While there were many things I enjoyed about this film, as I mentioned above, after I left the theater, my mind kept going back to the things I didn't like, and the parts that I thought didn't make sense. In the end, Rise of Skywalker has its merits as a film, but they will likely be overshadowed by its flaws, cementing its status as a disappointing end to an iconic film saga.
J.J Abrams had his work cut out on this one. TLJ had thrown most of the plotlines he created under the bus, and now he had to salvage the plot. Did he succeed?...Sorta, I guess.
The film still suffers from the lack of creativity TFA did. The story doesn't completely follow ROTJ's plot structure, which is better than TFA, but bringing back Palpatine was very clearly a cop out due to the lose of Snoke. It would have been much better to follow on from TLJ with Kylo remaining as the main antagonist, keeping the gist of his "kill the past" shchtick in TLJ, therefore giving the film a much more interesting human antagonist, but the main antagonist of Star Wars always has to be pure evil for some reason. Also, the bad guys have some new tech in this movie that is somehow less crative than what the FO already had.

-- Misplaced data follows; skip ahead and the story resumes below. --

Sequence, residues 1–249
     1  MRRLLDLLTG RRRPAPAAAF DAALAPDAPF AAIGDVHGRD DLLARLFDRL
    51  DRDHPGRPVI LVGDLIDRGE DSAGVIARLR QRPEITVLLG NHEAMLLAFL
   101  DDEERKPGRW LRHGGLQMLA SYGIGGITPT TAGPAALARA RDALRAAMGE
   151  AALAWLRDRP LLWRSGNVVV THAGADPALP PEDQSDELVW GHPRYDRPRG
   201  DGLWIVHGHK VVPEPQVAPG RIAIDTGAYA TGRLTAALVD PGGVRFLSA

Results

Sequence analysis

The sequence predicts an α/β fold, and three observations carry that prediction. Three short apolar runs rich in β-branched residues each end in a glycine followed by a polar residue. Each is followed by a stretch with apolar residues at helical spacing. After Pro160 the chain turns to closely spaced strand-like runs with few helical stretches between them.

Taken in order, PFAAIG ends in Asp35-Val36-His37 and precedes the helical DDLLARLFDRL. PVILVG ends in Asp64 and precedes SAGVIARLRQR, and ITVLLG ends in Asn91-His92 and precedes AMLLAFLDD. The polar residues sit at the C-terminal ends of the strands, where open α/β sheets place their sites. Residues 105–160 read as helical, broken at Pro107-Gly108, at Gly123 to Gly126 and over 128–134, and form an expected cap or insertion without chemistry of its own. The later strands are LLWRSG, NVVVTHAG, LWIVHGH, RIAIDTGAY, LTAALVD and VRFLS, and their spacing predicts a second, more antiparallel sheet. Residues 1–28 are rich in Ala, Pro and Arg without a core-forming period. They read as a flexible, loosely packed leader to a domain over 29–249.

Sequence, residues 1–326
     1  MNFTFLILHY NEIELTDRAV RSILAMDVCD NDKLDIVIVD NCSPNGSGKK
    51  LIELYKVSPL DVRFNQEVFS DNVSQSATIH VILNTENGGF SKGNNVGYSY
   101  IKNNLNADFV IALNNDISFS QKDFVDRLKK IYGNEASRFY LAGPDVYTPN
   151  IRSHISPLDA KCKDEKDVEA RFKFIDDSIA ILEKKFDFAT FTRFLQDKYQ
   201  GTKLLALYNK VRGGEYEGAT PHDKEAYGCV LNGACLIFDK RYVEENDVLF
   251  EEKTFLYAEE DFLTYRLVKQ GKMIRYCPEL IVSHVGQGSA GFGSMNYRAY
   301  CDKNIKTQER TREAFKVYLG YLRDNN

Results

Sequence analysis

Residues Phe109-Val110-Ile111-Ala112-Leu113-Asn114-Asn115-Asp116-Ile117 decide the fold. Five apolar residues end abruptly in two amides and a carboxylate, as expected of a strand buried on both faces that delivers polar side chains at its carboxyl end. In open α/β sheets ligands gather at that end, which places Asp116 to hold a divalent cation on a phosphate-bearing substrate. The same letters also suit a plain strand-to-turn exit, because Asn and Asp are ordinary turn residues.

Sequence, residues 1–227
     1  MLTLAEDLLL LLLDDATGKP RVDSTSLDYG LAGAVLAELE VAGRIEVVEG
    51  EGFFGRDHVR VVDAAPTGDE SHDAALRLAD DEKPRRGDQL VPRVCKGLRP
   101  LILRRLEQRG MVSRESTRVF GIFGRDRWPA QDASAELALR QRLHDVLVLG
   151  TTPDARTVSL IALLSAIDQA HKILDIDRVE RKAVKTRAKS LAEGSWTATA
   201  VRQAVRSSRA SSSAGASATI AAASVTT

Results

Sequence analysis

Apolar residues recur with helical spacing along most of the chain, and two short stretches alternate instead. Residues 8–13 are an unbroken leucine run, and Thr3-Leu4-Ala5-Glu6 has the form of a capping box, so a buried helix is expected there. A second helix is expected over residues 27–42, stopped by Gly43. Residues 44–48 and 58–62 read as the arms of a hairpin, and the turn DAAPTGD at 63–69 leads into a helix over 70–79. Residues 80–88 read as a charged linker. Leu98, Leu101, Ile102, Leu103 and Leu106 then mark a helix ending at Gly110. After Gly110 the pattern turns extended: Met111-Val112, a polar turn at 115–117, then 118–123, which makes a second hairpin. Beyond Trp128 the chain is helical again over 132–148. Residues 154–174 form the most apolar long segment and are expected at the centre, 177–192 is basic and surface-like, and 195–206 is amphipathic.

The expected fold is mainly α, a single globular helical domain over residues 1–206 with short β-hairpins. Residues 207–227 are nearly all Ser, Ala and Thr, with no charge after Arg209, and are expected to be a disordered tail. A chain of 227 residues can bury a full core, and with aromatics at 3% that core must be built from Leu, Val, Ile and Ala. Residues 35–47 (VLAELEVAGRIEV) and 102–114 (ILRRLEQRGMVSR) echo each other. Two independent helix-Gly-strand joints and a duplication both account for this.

Also, the plot is a bit messy on occasion. The Knights of Ren finally show up and they are grossly underused, as is Lando. There's an abundence of fake out deaths for some reason. The movie moves at a blisteringly fast pace that feels like it's making up for lost time from the previous two films, and it leaves Finn undeveloped in the process, especially consdering the people he meets in this film.